Leroy Sodorff

2 thoughts on “Leroy Sodorff

  1. Coffee Stain Art

    Your painting with coffee stain use is wonderful! The gradation of the stain moves and helps to create different shades. Some areas are darker and then moves across the page to create lightness. The framed image of a teacup pops out through the frame within. Your ability to create with little access to supplies is the essence of all artists. We use what we have, broken plates for mosaics, worn clothes for quilts, coffee to make a painting.


    Time stops in this piece. Its now. Is that a meditation? I feel as if I am being asked to dive into the circle, the word. Its conceptual and makes me think. There is a target and it is NOW.
    This piece is very modern and has a center which hold you within the patterned dots.

    Thank you for sharing your work. I hope you continue to create?

    Submitted by Sacha

  2. Dear LeRoy:

    It’s your pARTner Louis. My friends at JAC were discussing your work, and I wanted to share some of our reflections.


    The oval grommet holes ran on the spokes of time — past and future, arrested by a NOW embedded in a medallion between the two — that’s how it felt. What moved us was how a work of art so conceptual doesn’t have to be coldly conceptual. This piece that now hangs on my wall struck us as warmly conceptual — warm as its coffee-stained palette. Call it meditative. You can spend much time with the composition of this image, its life-affirming verticality, like a person standing tall.


    We were held by the tension between the repetition of the bricks and stones on earth and the freely flowing sky. What a contrast. Was the spoon-like figure you, the artist looking on? There’s a starkness, a grey sadness, a bleak geometry between the tower and the dome. If they are erotic symbols, a phallus, and rounded breast — they have been frozen by the relentless patterns — even the waves of stone on the ground! The juxtaposition of captivity below and freedom above is an image that won’t be forgotten.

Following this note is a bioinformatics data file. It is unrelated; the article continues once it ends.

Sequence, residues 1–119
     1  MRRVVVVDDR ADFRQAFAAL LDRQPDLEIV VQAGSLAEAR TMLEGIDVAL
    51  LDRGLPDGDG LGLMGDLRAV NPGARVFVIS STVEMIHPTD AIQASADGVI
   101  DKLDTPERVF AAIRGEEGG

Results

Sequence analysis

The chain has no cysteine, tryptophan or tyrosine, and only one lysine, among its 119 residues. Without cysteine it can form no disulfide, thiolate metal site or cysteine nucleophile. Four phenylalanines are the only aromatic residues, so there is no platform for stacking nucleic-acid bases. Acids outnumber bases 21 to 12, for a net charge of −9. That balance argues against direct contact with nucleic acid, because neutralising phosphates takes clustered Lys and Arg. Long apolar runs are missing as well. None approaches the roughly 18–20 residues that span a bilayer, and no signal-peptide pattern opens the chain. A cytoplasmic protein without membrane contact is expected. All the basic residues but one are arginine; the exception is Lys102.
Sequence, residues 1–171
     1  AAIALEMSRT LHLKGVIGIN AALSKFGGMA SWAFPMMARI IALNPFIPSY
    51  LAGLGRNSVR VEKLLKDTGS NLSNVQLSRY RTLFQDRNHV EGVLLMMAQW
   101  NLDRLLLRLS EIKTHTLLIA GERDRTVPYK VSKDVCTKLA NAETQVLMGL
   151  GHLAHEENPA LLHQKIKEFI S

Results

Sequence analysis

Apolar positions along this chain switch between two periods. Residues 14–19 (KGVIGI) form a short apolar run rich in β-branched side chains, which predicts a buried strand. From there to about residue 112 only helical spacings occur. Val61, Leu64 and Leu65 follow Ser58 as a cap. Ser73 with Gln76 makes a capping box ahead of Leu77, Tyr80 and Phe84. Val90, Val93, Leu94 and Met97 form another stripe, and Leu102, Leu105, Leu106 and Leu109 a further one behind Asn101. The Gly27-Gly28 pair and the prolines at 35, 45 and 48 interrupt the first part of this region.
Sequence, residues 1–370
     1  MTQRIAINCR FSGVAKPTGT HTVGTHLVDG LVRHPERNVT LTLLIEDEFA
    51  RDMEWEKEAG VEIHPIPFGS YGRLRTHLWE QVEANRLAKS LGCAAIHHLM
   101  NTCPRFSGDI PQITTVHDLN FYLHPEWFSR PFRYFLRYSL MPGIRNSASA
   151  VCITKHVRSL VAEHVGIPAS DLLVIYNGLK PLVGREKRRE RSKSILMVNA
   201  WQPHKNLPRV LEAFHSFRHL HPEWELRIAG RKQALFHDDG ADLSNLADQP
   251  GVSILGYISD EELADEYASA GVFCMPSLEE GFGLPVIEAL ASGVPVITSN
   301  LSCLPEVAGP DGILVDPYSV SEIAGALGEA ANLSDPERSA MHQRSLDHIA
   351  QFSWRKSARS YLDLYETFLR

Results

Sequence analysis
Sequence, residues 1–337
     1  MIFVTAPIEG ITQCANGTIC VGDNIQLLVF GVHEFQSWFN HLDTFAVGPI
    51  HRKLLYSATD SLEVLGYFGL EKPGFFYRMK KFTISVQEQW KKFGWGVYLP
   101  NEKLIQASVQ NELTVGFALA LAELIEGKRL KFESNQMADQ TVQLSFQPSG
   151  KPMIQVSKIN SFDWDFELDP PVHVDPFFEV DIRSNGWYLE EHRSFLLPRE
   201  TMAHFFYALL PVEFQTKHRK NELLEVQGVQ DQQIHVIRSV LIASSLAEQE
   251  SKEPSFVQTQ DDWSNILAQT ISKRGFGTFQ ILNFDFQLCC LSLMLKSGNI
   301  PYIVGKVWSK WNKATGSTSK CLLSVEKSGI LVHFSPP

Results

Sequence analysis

When we visit museums and admire the oil paintings in gold frames, it’s easy to forget that most art, 99% of art, is whatever materials the artist found around him — sticks, shells, shards of stone, buttons, cotton cast-offs.

    What resonated about “Coffee Stained Art” was its sophistication and elegance as a so-called found object. The subtle hues from the darkness of the panel on the left to the amber light of the panel on the right told of a 24-hour day in semi-darkness. And, yet, the red and black checkerboard in the center pulsated like a heart. The coffee cup’s lovely handle, its aromatic steam, and the game of chess or checkers disrupted the background’s industrial conveyor belt patterns, as if to say, I AM HUMAN, I LIVE!

    Thanks for sharing, LeRoy! — Louis

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